Falling rates expose lack of borrowers for Russian banks
The 25 basis point cut of the Russian refinancing rate in late May gave rise to the unusual sight of a public disagreement between Finance Minister Aleksey Kudrin, and former Minister for economic Development, and now Sberbank CEO, Herman Gref.
The nub of their disagreement revolved around the level of risk implied with refinancing rates at 7.75% with the CEO bank chief, now of the view they had become too low, and the Finance Minister referring to the continued fall in inflationary pressures.
Analysts say that Gref’s comments reflect two key issues, with tightening margins and a paucity of suitable borrowers to take advantage of the low rates.
Vladimir Savov, Otkritie FC’s Head of Research, says Russian banks, with Sberbank being the best example are facing a market where the economic rebound hasn’t yet filtered through strongly in terms of generating quality new borrowers, and need to tread warily in the marketplace.
“There is one big problem for Russia’s banking system – a lack of “quality” borrowers, who can later pay back the loan granted today at a low rate. The banks have enough liquidity but they can’t give it away carelessly as otherwise they will simply “kill” their profitability. Generally speaking, I think, that they should be careful with the interest rate during a so-called “transition period", when the economy hasn’t recovered completely.”
Clemens Grafe, Chief economist at UBS in Moscow says this feeds through to the bank’s bottom line, when they place their liquidity with the central bank and it reduces rates.
“Sberbank has a large surplus of deposits compared to its loans and is investing this into CBR deposits and state securities. Therefore lower interest rates lead to lower interest income for Sberbank, while interest rates on current accounts are essentially fixed at zero, so Sberbank's margin is declining.”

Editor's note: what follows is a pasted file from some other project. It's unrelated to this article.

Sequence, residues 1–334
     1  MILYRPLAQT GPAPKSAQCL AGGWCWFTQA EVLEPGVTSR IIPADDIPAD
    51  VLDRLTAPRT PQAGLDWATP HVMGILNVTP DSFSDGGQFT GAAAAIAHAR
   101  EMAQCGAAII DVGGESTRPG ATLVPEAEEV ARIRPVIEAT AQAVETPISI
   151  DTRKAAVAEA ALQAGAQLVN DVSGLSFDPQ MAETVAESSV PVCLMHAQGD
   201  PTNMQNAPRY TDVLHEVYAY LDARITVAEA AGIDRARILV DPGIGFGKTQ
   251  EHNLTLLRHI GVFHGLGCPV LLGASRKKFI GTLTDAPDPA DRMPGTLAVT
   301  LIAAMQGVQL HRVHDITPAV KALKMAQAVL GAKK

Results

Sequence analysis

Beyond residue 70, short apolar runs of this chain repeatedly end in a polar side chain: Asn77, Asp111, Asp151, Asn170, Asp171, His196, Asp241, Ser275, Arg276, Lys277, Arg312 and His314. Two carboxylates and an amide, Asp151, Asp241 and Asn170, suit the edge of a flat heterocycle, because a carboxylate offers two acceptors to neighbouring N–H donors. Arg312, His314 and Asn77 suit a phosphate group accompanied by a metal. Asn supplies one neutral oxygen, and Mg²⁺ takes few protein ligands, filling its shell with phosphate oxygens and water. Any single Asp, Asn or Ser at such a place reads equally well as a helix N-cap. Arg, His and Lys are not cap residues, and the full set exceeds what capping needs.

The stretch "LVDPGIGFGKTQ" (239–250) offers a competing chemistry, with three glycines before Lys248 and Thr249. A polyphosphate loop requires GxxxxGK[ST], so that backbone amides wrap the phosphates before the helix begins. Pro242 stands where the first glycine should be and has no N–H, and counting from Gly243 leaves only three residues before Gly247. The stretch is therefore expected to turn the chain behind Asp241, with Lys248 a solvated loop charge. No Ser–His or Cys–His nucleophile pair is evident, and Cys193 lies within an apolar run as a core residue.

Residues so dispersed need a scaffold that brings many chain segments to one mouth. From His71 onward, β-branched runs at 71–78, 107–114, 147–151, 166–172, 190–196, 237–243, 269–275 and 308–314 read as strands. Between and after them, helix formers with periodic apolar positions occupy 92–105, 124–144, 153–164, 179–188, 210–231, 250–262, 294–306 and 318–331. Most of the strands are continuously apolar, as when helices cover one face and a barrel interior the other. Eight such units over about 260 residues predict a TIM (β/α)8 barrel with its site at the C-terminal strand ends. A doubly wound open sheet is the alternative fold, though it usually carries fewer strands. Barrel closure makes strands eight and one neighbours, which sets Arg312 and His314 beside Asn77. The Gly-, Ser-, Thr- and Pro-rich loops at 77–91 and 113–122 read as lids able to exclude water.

Grafe also notes that whereas banks generally benefit from lower central bank rates, in the case of Russia the relative lack of long term lending means they aren’t getting the benefit they would in other economies.
“In principle banks like low short rates and high long rates because they tend to lend long term while they borrow short term. So they like policy rates to fall typically. In Russia, that is somehow a bit less relevant because there is little long term lending.”
Igor Nikolaev, Partner and Director of Strategic Analysis at FBK says that the falls in refinancing rates are overstated in terms of their effect on the economy, and don’t reflect the borrowing costs they face. He says that it’s possible that the refinancing rate could be trimmed again but that this will not address the real issue as far as banks in the system are concerned.
“I think, the refinancing rate could gown down another time, but it will have very little economic basis. In, fact it’s artificially understated. And, what’s amazing, its importance as an economic indicator in Russia is overestimated. The thing that really reflects the situation in the economy, and namely in the credit market, is the credit rate for non financial institutions. It shows the price for credit resources for Russia’s real sector and is calculated by the banks themselves, reflecting their economic risks. Today it goes almost separately from the refinancing rate and about 3.5% higher. There is virtually no straightforward correlation between the two, which is bad and makes all effort from the Government to stabilize the economy by means of manipulations with the refinancing rate null and void.”
Vladimir Savov says that the Central Bank could trim rates again with the continued fall in inflation opening up room.
“Credit activity recovers really slowly in Russia, so lower interest rates don’t give the desired effect. But, I think, one more rate cut is quite possible, as inflation in Russia – the main rate driver – remains low.”
Clemens Grafe also believes rate could be cut by a further 50 basis points, or half a percent, but that this could force banks in the system to search for more effective uses for excess liquidity than keeping it with the Central Bank.
“Banks remain reluctant to lend and are hoarding liquidity with the CBR. The lower the rates, the less attractive it is for the banks to keep deposits with the CBR and the more they are forced to do something useful with the deposits like lending to the real economy. At the margin lower rates will also help to discourage hot money inflows.”